Loving an adult survivor of child sex abuse

“For most people, when they were abused it wasn’t by somebody who jumped out of the bushes, but by somebody they had a trusting, loving relationship with. A sense of trust got merged with a sense of betrayal when it comes to their sexuality. The closer they get to someone, here comes that trust issue. So they pull back emotionally and sexually.”

- The Aftermath of Child Sex Abuse

“In this climate of profoundly disrupted relationships the child faces a formidable developmental task. She must find a way to form primary attachments to caretakers who are either dangerous or, from her perspective, negligent. She must find a way to develop a sense of basic trust and safety with caretakers who are untrustworthy and unsafe … She must develop the capacity for initiative in an environment which demands that she bring her will into complete conformity with that of her abuser. And ultimately, she must develop a capacity for intimacy out of an environment where all intimate relationships are corrupt, and an identity out of an environment which defines her as a whore and a slave.”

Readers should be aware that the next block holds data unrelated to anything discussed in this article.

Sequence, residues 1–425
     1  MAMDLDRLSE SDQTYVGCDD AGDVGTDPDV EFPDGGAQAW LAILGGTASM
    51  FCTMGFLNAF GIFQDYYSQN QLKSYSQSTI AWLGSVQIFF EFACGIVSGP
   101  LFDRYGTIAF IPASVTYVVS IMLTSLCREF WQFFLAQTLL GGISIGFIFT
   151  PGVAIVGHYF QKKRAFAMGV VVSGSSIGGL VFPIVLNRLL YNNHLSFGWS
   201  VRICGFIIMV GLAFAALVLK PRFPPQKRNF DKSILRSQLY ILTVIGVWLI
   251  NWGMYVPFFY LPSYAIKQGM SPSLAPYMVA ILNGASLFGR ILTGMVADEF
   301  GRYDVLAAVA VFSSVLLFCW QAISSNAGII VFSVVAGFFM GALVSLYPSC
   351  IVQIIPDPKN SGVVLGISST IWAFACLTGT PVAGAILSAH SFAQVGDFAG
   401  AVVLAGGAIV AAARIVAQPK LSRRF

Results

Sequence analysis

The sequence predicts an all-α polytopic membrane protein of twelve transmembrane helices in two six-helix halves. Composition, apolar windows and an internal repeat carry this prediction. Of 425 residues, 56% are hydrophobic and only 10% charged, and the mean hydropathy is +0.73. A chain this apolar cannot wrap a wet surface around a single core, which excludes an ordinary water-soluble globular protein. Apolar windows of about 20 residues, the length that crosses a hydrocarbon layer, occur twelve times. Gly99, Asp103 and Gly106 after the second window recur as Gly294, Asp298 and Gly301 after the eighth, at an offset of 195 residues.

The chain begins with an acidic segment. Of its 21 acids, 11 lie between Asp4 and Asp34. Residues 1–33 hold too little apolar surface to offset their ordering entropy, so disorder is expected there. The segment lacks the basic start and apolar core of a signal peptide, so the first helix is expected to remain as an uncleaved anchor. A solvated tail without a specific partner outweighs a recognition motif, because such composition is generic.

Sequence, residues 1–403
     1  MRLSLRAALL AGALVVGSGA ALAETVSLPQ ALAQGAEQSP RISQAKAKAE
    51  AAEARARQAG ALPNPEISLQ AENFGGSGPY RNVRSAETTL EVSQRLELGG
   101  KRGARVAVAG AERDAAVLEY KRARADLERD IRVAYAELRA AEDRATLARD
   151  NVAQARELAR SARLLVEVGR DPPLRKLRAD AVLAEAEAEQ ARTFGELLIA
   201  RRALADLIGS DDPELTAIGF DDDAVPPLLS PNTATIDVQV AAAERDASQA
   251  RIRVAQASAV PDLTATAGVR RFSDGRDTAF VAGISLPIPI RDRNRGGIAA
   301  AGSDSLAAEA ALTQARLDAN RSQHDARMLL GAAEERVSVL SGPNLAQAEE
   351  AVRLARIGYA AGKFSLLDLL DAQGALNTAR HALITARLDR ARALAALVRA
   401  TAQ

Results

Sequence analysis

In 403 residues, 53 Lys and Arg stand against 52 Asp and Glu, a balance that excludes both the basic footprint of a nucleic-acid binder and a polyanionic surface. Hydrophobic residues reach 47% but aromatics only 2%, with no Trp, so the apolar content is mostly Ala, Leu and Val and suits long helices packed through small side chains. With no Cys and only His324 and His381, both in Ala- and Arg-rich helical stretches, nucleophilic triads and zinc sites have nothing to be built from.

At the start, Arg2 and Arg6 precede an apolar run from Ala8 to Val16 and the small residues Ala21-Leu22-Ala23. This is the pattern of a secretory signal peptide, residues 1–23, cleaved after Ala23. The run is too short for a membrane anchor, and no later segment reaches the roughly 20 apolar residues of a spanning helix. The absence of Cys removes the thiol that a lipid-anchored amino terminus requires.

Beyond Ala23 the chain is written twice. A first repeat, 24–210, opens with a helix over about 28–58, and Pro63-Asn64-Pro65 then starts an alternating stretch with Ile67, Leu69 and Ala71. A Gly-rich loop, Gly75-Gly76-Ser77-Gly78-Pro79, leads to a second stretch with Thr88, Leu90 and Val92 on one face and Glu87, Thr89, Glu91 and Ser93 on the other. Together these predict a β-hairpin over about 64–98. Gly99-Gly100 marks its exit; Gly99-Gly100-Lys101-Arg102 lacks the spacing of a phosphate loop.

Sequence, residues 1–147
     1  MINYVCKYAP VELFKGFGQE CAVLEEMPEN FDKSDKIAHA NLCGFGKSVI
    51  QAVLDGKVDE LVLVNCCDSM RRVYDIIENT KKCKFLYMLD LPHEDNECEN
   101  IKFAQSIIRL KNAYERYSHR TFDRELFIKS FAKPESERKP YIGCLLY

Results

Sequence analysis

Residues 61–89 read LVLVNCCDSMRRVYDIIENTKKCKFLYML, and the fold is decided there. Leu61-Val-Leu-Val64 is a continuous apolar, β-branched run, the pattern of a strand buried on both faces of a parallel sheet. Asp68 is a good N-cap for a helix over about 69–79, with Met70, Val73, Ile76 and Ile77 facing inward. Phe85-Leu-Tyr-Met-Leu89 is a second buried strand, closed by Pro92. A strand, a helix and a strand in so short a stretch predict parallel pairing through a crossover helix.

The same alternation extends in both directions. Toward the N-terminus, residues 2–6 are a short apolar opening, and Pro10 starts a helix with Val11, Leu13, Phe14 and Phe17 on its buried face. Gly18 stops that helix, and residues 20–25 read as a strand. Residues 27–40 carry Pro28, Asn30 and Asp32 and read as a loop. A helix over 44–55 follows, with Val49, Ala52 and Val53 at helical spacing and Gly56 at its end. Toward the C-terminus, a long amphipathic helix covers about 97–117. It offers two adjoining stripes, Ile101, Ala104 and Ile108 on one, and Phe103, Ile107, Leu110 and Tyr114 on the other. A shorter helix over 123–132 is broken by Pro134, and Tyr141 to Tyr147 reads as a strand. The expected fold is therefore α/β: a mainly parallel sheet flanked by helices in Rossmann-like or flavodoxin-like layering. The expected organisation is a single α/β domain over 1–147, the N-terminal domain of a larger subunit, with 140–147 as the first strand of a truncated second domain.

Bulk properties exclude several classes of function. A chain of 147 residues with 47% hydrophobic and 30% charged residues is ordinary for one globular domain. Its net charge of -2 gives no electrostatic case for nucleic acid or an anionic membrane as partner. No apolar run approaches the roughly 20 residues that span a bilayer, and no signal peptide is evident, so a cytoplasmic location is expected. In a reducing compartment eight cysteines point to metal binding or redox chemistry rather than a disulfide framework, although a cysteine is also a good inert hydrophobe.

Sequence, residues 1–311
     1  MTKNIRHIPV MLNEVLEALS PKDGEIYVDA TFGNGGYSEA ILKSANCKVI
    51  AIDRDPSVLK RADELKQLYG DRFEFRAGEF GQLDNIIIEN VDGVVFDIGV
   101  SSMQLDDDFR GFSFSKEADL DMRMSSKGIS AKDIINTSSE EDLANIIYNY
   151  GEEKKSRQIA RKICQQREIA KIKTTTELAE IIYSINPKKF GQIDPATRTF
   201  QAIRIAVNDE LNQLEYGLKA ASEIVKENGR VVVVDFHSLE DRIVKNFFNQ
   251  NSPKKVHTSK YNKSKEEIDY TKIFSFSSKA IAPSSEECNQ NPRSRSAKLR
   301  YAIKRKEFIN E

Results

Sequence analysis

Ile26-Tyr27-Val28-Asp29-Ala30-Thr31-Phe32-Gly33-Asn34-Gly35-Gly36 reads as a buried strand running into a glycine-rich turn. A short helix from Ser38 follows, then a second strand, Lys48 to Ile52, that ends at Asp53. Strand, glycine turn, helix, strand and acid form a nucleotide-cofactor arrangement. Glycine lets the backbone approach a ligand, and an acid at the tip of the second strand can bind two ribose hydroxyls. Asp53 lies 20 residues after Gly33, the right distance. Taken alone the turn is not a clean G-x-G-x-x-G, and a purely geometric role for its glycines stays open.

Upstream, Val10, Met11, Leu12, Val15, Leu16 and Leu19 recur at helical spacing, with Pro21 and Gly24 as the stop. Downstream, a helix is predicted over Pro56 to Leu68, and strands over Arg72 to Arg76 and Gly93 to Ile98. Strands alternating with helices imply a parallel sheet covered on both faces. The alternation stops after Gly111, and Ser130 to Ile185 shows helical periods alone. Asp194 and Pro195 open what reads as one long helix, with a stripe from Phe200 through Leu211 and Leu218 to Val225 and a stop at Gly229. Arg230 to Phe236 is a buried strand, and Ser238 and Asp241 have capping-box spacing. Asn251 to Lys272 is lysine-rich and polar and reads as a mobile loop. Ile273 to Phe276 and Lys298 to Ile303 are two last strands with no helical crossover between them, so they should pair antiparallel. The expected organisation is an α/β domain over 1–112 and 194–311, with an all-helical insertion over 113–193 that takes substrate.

― Judith Lewis Herman, Trauma and Recovery: The Aftermath of Violence – From Domestic Abuse to Political Terror